As I mentioned in one of the previous Windtree blogs, I am very into the health benefits of Grounding/Earthing. I was grounding outside recently while my partner, Alan, was grilling on the porch. Daydreaming about an upcoming beach trip with a girlfriend, I mentioned I was going to get buried at the beach. He held the tongs and looked at me strangely. He thought I had said married, not buried!
Dad took us kids to a small cafe half way up the San Gabriel Mountains. He gave me a quarter to play five songs on the jukebox. I played my favorite (The Three Bells) five times. People rolled their eyes as they kept hearing the same song over and over, but then, the customers started singing along with the song: “All the chapel bells were ringing…”
Dad said he would take us to get hot chocolates, but when the waitress came, he ordered two cocoas. I started to cry. When asked why, I said, “but you said we were getting hot chocolate.”
I was surprised when Mom told me the correct way to pronounce ISLAND.
Dad’s favorite riddle: Is there milk in the Milky Way?
(Yes, because we live on Planet Earth which has milk and is located in the Milky Way Galaxy.)
My big, goofy dog Rainy loved to play. When I lived in a mountain cabin in Big Bear. I’d go into the forest with a backpack to gather kindling. Every time I put a stick in the bag, he came up behind me and grabbed it. I wondered why my backpack stayed so light!
The best Christmas present I ever received was from my mother. Inside gradually smaller and smaller boxes, I finally opened a tiny jewelry box. There, nestled atop the cotton, was my library card. She had gone to the library and paid my overdue fines: $17.60.
I was going to school in Ireland, and we had a big term paper that was due in six weeks. On the night before it was due, I thought it would be a fine time to get started. I made a big pot of coffee and retrieved the book on Plato from my suitcase. (I had heard this book would be used in the class, so I had packed it and brought it along from home.) I opened the book, and a note came fluttering down. I smiled ruefully as I read the note. It said: “Mom, I’m almost done with the term paper–wake me at 4 a.m.” So, years ago and six thousand miles away, I had procrastinated on yet ANOTHER term paper.
Dad worked at the Carnation Cafe at Disneyland. He was there on opening day in 1955. We were fortunate to visit frequently. At the time, there was a “Modern House” display. We walked inside and Mom was astounded there was actually a machine that washed the dishes!
Dad would bring candy home from Disneyland. The little white bag was enticing. “Candy, Candy!” We popped it into our mouths. Horehound. Yucky. But it’s still a thing–I just looked it up. I don’t know why it’s called candy.
After a long day at Disneyland I was asked which was my favorite ride. It was riding on Dad’s shoulders through the park.
I’ve never cared about clothes or fashion. But I wanted a job. One day, I saw an ad in the local paper for a busgirl. I had read in SEVENTEEN Magazine that one should wear one’s best clothes for a job interview. I looked in the closet and the best clothes were my prom dress ensemble. I went to the busgirl interview, teetering in high heels and a formal. (I didn’t get the job, either.)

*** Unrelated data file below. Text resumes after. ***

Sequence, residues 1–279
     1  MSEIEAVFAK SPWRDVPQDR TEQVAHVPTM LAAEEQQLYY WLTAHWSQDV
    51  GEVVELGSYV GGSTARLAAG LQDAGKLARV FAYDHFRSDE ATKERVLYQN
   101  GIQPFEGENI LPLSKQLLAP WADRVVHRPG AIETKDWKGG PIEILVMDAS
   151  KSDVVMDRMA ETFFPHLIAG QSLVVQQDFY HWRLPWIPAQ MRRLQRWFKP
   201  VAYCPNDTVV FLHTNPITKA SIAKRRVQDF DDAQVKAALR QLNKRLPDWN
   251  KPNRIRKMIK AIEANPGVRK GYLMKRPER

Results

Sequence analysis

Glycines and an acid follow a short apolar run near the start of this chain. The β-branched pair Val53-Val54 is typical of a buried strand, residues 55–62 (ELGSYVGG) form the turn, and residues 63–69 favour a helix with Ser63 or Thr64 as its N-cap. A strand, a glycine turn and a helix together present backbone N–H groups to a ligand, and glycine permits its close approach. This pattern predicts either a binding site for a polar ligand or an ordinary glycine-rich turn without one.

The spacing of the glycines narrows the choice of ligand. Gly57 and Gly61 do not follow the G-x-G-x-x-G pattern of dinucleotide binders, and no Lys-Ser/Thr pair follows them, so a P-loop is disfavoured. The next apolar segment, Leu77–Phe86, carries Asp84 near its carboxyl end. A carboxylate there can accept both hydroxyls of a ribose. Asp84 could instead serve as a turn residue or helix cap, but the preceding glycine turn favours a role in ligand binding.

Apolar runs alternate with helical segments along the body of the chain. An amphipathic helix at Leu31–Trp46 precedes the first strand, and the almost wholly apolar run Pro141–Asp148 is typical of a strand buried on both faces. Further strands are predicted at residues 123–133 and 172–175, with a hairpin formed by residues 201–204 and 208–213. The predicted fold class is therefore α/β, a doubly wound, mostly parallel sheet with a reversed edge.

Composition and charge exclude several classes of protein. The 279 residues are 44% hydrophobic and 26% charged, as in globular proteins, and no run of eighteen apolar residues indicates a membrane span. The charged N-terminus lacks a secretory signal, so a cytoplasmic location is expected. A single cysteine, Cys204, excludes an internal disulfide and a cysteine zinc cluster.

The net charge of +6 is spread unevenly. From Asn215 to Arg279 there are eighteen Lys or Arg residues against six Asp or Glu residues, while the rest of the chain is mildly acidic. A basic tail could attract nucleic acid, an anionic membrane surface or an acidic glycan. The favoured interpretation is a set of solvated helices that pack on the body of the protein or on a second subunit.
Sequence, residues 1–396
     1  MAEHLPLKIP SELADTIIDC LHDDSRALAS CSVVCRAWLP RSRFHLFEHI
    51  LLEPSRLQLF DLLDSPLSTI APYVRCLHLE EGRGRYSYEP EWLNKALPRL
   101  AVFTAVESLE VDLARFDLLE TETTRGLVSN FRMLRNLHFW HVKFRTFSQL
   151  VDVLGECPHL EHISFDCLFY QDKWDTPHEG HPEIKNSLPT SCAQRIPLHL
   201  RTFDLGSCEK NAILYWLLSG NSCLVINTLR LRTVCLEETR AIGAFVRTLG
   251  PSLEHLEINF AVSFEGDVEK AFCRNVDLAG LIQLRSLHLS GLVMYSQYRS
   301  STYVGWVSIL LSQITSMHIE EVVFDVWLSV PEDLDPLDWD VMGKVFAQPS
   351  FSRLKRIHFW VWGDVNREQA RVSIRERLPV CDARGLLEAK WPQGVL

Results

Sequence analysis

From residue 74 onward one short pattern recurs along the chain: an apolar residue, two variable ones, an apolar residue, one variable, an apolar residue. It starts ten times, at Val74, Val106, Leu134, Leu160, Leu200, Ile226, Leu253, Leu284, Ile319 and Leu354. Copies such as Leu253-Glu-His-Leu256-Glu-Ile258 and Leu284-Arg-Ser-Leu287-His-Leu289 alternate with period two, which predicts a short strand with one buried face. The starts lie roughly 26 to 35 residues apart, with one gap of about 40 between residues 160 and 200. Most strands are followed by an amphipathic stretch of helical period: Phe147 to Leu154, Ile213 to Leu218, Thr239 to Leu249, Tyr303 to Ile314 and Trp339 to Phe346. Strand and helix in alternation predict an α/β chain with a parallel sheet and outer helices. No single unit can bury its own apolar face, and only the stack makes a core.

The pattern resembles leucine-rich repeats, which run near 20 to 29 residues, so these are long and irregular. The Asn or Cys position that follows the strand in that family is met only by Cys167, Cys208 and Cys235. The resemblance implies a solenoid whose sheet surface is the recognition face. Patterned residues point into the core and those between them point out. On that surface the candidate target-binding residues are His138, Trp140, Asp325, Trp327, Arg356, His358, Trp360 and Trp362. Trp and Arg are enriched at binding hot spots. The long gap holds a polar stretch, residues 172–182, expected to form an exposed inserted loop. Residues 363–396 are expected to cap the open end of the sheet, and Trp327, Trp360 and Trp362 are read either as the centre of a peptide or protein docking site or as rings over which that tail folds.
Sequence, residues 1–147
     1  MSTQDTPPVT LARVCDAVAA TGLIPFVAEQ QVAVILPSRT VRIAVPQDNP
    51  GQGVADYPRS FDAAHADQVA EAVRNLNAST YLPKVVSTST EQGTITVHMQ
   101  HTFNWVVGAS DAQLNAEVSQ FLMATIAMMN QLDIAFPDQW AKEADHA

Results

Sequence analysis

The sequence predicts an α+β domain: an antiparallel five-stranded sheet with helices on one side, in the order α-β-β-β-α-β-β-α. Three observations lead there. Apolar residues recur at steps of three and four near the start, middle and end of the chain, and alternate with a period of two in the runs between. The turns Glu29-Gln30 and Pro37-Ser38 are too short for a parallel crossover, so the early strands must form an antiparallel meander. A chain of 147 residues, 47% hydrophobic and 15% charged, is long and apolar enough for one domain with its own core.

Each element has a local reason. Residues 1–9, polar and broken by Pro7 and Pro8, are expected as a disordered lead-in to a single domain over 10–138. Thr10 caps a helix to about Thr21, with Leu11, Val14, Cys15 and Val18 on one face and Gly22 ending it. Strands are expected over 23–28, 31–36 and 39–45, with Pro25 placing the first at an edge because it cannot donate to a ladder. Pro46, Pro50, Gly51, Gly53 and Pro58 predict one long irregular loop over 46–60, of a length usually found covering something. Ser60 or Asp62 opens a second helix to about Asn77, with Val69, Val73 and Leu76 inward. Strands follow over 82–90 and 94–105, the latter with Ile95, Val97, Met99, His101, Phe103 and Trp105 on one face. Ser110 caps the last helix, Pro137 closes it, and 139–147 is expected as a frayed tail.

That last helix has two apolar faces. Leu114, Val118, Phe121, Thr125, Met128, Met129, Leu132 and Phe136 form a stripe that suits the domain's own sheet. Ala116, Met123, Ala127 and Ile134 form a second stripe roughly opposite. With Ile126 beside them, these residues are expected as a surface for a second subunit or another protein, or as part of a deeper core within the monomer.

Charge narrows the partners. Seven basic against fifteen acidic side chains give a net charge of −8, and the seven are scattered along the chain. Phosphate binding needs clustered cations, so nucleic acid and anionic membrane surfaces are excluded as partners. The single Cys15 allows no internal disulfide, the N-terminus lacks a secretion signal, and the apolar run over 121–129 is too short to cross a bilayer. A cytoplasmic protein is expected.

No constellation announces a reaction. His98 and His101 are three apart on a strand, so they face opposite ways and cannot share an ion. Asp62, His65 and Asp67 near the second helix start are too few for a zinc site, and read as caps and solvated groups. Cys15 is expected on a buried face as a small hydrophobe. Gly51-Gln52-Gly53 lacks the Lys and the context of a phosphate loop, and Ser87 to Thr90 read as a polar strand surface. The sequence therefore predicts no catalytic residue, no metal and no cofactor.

Dad told me I didn’t have to go to bed until I yawned. Cool deal, I thought. Dad would then yawn in the most luxurious, exaggerated fashion. Pretty soon I was in bed.
I loved the pretty pattern that pinking shears made, so one day I cut my bangs with them.
Mom was updating her phone book. She called my aunt to ask for her phone number.
Dad gave me a verbal spelling test:
Dad: Spell DOG, CAT, MAT.
Me: D-O-G, C-A-T, M-A-T
Dad: Spell Phone
Dad: Nope. It’s P-H…
(I think back on that moment as the exact time I realized life was more complicated than I thought.)
During a snowstorm, Gizzy was lost. We kept yelling: GIZZY! GIZZY! TREATY-TREAT! and shook the box of dog treats. He always came running when he heard the box. But not this time. We searched and finally found Gizzy, his face full of mashed potatoes and gravy. He was enjoying someone’s holiday dinner that had fallen from an overturned trash can. We shook the box at him, but he was pretty happy with his other meal!
Dad’s Christmas decoration: A long paper with the alphabet hung over the mantel. The cousins wondered how the alphabet could be a Christmas decoration. Dad told them to read it. The cousins looked, read the letters, and then they’d stop. “Wait. There’s no L,” they said. Dad smiled. NOEL.
I believed in the Easter Bunny for a long time. We’d leave the dyed eggs in the basket on the dining room table, lock the door, and leave for church. I carefully watched my parents, but they never left the pew. We’d get home from church, and the eggs were hidden in the backyard. For an inordinate number of years I was mystified. (I didn’t know the neighbor kid had a key.)
Mom thought I was a good Scrabble player and entered me into a tournament. I was eliminated pretty quickly, but had the opportunity to watch the real champions. One guy had what I considered a pretty bad rack. He calmly rearranged the letters and made them into a seven letter word: EDITING!
The day after I got Metro, I showed her off to the neighbor. I told him the adoption fee was $60.00. She was so tiny, and he said (with a twinkle in his eye) “Well, you didn’t get much for your money.” I’ve thought about that playful comment a lot through the years. No matter the cost, she will always be the best bargain of a lifetime!
The beautiful illustrations are by artist Paul Bunch.
Susie Slanina lives in Vancouver, Washington. After graduating from California State University, Los Angeles, she went to school in Ireland to study the Montessori approach to educating children. She worked 24 years at CSLA and retired at age 50 to spend more time with her dogs in a cabin in Big Bear. She had been retired for eight years when a poem she wrote about a spider became the catalyst for the Metro book series. She used to enjoy traveling, but discovered that hanging out with her dogs is better than seeing the wonders of the world.